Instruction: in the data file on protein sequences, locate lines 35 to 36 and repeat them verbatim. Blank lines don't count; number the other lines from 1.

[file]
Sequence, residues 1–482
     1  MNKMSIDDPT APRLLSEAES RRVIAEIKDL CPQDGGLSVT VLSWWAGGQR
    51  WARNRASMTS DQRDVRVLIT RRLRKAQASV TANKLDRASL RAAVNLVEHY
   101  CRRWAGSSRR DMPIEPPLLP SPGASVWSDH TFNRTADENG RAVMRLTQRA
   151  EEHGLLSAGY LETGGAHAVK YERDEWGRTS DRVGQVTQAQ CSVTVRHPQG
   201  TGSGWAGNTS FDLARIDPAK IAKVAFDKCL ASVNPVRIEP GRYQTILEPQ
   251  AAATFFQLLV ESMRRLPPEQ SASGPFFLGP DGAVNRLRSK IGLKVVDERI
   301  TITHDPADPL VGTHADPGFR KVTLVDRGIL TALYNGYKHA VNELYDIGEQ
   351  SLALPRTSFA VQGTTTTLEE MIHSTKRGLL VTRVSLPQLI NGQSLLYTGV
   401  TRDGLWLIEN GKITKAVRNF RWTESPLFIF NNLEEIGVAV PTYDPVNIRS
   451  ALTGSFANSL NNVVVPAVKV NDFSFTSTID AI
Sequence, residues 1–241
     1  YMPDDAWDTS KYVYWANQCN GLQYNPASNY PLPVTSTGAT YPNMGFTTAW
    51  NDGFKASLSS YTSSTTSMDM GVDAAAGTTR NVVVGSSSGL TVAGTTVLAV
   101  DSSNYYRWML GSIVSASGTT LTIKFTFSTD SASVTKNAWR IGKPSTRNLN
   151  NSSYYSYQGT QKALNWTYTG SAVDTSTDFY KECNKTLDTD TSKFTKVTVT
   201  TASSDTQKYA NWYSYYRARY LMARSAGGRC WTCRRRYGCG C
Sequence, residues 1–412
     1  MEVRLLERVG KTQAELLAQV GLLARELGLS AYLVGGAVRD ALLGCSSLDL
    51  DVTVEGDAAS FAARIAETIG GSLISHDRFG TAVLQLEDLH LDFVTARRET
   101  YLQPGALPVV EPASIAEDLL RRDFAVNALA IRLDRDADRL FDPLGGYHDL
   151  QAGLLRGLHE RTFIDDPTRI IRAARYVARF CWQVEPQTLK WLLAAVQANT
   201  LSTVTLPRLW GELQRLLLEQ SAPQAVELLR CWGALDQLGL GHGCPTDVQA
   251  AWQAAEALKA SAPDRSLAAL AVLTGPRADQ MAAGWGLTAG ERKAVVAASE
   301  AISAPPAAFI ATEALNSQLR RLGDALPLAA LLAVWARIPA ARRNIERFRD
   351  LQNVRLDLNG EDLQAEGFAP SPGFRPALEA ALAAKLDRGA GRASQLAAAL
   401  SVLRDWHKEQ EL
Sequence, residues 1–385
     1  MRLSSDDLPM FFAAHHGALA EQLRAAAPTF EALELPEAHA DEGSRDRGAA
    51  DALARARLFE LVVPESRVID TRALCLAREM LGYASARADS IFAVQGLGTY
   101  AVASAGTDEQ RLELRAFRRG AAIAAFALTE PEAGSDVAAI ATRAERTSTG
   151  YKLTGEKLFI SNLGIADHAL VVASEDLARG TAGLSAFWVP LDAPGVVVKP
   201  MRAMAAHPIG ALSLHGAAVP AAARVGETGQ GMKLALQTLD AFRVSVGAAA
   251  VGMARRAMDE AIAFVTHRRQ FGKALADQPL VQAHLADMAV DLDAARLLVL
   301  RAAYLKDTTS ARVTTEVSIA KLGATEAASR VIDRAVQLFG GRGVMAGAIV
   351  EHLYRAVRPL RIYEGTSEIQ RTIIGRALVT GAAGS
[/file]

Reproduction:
   301  RAAYLKDTTS ARVTTEVSIA KLGATEAASR VIDRAVQLFG GRGVMAGAIV
   351  EHLYRAVRPL RIYEGTSEIQ RTIIGRALVT GAAGS